New School Finance Ruling Explained

New School Finance Ruling Explained

A three-judge panel has found parts of the new block grant funding law for public schools unconstitutional because it short-changes some students and taxpayers without any educational basis.

The court found that legislation passed this year reduces funding for many districts while leaving others untouched and essentially freezes funding for all districts without taking into account changes in student enrollment, demographics or costs.

On an appeal from the state, the Kansas Supreme Court has paused action on the three-judge panel’s ruling and has said it would request written and oral arguments soon.

The latest decision comes one year after the Kansas Supreme Court ruled the school finance system was violating the Kansas constitution because it failed to provide equitable funding in two areas. The first was local option budgets, which pay for part of school district operating costs. The second was capital outlay funding, which is used for building construction, repair, remodeling and equipment.

Both of these programs are funded primarily by local property taxes, but the state had created aid programs to compensate school districts for significant differences in local wealth. Without this assistance, property taxes in low wealth districts would have to be much higher than wealthier districts, or would raise much less funding for students. For example, a one mill levy raises between $20 and $50 per pupil in 72 school districts; between $50 and $75 in 92 school districts; between $75 and $100 in 42 districts; between $100 and $200 in 58 districts; and between $200 and $500 in 15 districts.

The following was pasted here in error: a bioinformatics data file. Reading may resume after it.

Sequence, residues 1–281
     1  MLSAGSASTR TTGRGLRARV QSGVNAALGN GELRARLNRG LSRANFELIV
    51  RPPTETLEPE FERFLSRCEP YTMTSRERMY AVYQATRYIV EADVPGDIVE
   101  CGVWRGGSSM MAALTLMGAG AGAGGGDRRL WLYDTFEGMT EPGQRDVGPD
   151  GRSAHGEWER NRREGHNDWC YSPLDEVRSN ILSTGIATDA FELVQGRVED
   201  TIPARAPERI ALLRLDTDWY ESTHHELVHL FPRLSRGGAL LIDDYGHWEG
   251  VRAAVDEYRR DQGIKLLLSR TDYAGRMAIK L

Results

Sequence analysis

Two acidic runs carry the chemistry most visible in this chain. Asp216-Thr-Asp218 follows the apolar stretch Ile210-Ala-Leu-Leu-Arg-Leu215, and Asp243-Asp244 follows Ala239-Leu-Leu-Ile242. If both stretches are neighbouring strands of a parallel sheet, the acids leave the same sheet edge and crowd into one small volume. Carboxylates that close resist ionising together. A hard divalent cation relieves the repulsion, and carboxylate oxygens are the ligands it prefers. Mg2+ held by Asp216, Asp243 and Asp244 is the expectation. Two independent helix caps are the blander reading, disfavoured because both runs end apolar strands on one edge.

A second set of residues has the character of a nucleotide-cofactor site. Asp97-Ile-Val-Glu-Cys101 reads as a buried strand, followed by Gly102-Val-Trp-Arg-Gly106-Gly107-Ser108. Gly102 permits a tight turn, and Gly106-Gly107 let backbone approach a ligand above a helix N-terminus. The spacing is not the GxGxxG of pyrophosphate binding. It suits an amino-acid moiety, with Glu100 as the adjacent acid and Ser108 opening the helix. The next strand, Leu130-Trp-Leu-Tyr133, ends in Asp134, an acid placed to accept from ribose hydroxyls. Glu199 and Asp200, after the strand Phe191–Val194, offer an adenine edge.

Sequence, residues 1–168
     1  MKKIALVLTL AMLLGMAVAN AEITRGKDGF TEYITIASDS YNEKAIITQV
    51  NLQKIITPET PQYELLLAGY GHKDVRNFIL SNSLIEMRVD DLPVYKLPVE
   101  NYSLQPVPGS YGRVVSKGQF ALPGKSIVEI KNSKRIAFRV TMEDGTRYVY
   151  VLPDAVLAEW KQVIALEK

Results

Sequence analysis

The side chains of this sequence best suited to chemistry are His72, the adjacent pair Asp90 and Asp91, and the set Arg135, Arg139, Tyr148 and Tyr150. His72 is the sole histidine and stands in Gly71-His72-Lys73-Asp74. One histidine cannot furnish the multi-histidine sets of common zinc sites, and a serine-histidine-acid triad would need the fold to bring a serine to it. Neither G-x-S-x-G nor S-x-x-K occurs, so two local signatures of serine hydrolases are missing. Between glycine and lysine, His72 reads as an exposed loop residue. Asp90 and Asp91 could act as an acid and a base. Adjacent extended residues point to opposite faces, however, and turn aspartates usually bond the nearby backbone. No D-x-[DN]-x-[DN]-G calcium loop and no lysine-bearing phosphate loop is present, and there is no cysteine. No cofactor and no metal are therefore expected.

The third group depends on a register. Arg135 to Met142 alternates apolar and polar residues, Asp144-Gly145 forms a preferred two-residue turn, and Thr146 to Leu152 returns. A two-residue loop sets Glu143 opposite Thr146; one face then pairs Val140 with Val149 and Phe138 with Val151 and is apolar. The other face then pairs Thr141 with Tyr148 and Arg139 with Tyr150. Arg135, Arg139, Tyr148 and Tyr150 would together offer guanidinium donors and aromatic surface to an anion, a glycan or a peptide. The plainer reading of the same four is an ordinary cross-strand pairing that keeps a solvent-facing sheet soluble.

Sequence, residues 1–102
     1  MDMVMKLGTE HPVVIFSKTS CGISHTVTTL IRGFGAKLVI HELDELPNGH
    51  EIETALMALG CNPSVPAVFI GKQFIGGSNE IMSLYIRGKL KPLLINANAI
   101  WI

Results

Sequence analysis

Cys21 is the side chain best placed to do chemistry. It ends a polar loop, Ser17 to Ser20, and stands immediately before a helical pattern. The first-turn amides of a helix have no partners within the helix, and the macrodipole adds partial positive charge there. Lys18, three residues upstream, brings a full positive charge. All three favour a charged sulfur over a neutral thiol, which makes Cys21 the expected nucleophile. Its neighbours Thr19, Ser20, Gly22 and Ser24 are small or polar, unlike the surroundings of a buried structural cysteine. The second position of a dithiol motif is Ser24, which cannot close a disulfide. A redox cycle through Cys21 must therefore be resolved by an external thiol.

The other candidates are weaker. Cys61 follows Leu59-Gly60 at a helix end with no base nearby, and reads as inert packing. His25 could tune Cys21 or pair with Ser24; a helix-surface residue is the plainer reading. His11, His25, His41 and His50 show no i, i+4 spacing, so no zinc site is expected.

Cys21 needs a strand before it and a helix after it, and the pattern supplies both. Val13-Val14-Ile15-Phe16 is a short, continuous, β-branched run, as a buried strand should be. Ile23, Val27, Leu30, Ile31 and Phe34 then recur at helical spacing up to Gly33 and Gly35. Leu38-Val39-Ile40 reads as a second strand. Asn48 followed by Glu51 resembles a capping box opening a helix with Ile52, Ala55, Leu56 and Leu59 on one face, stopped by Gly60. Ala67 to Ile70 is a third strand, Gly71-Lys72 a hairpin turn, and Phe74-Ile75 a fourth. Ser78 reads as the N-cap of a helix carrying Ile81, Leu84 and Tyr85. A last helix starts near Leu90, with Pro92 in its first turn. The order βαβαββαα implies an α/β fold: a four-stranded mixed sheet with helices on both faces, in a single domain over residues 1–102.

In other words, the bottom quarter of school districts in terms of local property wealth require mill levies four to 10 times higher than the top quarter of districts to raise the same amount per pupil.

In 2014, there was no disputing state aid for Local Option Budgets had failed to keep up with LOB costs, which meant significantly higher property taxes in lower wealth districts; and the state stopped paying ANY state aid for capital outlay, which meant districts had to rely exclusively on local mill levies, with the vast disparities noted above.

In response to the Supreme Court decision, the 2014 Legislature passed a bill to fully fund the estimated cost of these programs, adding about $130 million. School districts adopted their budgets and mill levies last August based on state aid formulas. However, the actual cost to fully fund the two aid programs turned out to be about $50 million more than expected. Here is why:

LOB aid was $35.4 million higher than expected because a change in the factors used to calculate aid resulted in a higher entitlement for each district. The change did not provide these districts with a higher LOB (i.e. more money to spend); rather, it reduced the amount of property tax required to fund the budget. In fact, statewide LOB property taxes dropped by $91.6 million between 2013-14 and 2014-15, mostly in lower-wealth districts that had been forced to raise taxes to make up for the state shortfall.